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Journal Article

Stellar structures, molecular gas, and star formation across the PHANGS sample of nearby galaxies


Schruba,  A.
Infrared and Submillimeter Astronomy, MPI for Extraterrestrial Physics, Max Planck Society;

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Querejeta, M., Schinnerer, E., Meidt, S., Sun, J., Leroy, A. K., Emsellem, E., et al. (2021). Stellar structures, molecular gas, and star formation across the PHANGS sample of nearby galaxies. Astronomy and Astrophysics, 656: A133. doi:10.1051/0004-6361/202140695.

Cite as: https://hdl.handle.net/21.11116/0000-0009-E4F0-6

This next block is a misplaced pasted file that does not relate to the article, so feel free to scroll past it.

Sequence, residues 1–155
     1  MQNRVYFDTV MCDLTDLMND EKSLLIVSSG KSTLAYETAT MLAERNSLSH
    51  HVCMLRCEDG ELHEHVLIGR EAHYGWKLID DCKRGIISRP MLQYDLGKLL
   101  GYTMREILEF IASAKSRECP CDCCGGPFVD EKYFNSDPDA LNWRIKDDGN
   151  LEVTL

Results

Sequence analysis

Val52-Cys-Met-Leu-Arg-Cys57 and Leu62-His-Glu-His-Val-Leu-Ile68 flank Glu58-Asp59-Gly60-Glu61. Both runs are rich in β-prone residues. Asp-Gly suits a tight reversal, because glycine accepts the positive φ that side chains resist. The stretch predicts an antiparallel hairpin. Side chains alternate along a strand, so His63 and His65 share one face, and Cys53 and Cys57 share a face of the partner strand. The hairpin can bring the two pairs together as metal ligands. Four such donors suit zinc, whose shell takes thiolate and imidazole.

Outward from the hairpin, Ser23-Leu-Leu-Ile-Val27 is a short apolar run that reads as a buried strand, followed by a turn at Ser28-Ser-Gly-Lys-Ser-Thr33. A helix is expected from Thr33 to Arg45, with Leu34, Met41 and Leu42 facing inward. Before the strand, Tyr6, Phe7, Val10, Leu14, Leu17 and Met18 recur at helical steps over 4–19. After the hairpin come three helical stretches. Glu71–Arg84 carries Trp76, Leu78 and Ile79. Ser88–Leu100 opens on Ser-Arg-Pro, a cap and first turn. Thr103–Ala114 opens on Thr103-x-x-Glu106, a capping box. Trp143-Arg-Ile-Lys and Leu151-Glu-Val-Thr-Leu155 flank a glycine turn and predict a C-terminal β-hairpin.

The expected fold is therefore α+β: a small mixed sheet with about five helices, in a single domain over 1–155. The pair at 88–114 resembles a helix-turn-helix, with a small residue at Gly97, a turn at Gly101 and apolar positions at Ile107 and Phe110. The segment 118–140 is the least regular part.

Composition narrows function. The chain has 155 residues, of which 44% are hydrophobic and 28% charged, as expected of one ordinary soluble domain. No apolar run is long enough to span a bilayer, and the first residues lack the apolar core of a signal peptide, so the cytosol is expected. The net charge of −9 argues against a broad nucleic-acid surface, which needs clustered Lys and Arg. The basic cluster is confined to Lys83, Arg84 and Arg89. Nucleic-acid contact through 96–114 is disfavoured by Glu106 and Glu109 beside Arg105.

We identify stellar structures in the PHANGS sample of 74 nearby galaxies and construct morphological masks of sub-galactic environments based on Spitzer 3.6 μm images. At the simplest level, we distinguish five environments: centres, bars, spiral arms, interarm regions, and discs without strong spirals. Slightly more sophisticated masks include rings and lenses, which are publicly released but not explicitly used in this paper. We examine trends with environment in the molecular gas content, star formation rate, and depletion time using PHANGS–ALMA CO(2–1) intensity maps and tracers of star formation. The interarm regions and discs without strong spirals clearly dominate in area, whereas molecular gas and star formation are quite evenly distributed among the five basic environments. We reproduce the molecular Kennicutt–Schmidt relation with a slope compatible with unity within the uncertainties and without significant slope differences among environments. In contrast to what has been suggested by early studies, we find that bars are not always deserts devoid of gas and star formation, but instead they show large diversity. Similarly, spiral arms do not account for most of the gas and star formation in disc galaxies, and they do not have shorter depletion times than the interarm regions. Spiral arms accumulate gas and star formation, without systematically boosting the star formation efficiency. Centres harbour remarkably high surface densities and on average shorter depletion times than other environments. Centres of barred galaxies show higher surface densities and wider distributions compared to the outer disc; yet, depletion times are similar to unbarred galaxies, suggesting highly intermittent periods of star formation when bars episodically drive gas inflow, without enhancing the central star formation efficiency permanently. In conclusion, we provide quantitative evidence that stellar structures in galaxies strongly affect the organisation of molecular gas and star formation, but their impact on star formation efficiency is more subtle.